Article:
What I Learned When I Learned

Last year I learned what “hangry” meant. I hadn’t heard anyone use it before, but when I finally did I thought it was hilarious. I was writing a paper on slang and culture, and my argument was basically that everything is a word, regardless of if it’s in the dictionary as long as it is widely used in a general social context for a sufficient period of time so that various groups of people know what it means. I thought “hangry” was a hilarious concept because I realized that I get hangry, but I never had a word for it. I get grumpy when I’m hungry. It’s great that I did find the word because now I can better monitor my emotions: “Katie, there’s no reason to be pissy. You’re hungry. Eat some food.”

Earlier today I read an article about how to make God happy. I just wasn’t finding the clarity I needed on this particular issue while reading through the Old Testament prophets. The person who wrote the article said that one makes God happy by loving. We’re basically told to love everyone–love your God; love your enemies; love your neighbors; love yourself. I want to make God happy because he makes me happy. In the article, I came across the question I’ve been perpetually asking myself: What can you possibly do for the person who literally made and owns everything?

In Church this weekend, our priest talked about what we can do during Lent to become closer to God. I usually try and give something up for Lent. Last year I gave up Facebook, and I think it did me some good. I initially thought I would just do that again because I do think I spend a little too much time on there. However, lately I’ve been a lot more intentional with what I post. I try to be positive, and I often post things from scripture that I think will be helpful for people to hear, so I figured it wouldn’t necessarily be the most productive thing to give up. Then our priest mentioned that instead of giving something up like a bad habit or a thing we value a little too much, we could spend the time during Lent to simply be more intentional with the time we dedicate to spiritual things or with our emotions.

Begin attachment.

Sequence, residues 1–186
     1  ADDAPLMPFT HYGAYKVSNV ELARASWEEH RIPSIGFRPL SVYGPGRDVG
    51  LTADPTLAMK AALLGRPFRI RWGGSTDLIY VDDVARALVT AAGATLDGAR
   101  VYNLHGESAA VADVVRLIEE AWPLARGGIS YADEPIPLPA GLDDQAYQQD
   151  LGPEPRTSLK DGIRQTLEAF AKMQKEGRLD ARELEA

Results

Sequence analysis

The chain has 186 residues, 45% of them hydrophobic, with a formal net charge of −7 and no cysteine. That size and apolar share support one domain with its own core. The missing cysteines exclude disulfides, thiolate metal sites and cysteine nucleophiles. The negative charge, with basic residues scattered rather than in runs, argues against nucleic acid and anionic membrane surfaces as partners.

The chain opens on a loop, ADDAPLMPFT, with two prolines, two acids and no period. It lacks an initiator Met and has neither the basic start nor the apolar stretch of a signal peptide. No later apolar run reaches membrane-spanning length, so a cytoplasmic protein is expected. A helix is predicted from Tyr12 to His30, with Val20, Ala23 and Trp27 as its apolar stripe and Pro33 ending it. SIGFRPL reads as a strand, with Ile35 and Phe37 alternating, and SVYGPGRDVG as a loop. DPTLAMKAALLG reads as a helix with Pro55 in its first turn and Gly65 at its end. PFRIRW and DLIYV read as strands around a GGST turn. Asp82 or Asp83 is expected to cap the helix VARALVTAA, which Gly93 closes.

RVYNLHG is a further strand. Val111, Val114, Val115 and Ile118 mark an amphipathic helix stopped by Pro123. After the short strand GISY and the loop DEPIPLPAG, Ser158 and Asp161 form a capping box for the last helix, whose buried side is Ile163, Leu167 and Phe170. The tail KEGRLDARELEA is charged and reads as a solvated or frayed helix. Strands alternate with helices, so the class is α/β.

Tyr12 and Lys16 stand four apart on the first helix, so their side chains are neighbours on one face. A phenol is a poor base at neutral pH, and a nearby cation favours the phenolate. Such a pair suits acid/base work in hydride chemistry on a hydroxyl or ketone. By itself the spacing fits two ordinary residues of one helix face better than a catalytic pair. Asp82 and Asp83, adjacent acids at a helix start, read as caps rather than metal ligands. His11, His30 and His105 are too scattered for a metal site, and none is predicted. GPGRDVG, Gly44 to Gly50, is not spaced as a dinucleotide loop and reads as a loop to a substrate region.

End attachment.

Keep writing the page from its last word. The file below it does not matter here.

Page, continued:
There are times where I can be rather negative. I don’t mean to be, but when I butt heads with someone or spend a lot of time with someone I disagree with, I can think downright mean things, sometimes even for no real reason. Sometimes I’m impatient, particularly when my technology isn’t behaving, even though it’s usually an easily fixable problem. Sometimes I’ll read through posts on Facebook and think: I don’t care, NEXT; that’s stupid, NEXT; that’s wrong, NEXT; what a giant waste of time, NEXT; why is everything so negative, NEXT. There are periods where a lot of posts are negative for whatever reason, but it doesn’t help when I get annoyed at posts about football, even though I just don’t care about football. I invariably get these negative impulses and feelings when I’m hangry. I noticed myself doing this a few minutes ago, so I’ve decided that, for Lent, I’m going to make sure to monitor and, to the best of my ability, shut down unwarranted negative feelings and impulses. I’ve already started, and it’s darn hard. I keep a lot of it in my head, so I never really face any repercussions for it other than I eventually realize what I’m doing and then feel bad. I don’t want to do it anymore because it’s not loving, and I want to love better.

Because in my world guinea pigs can fly!

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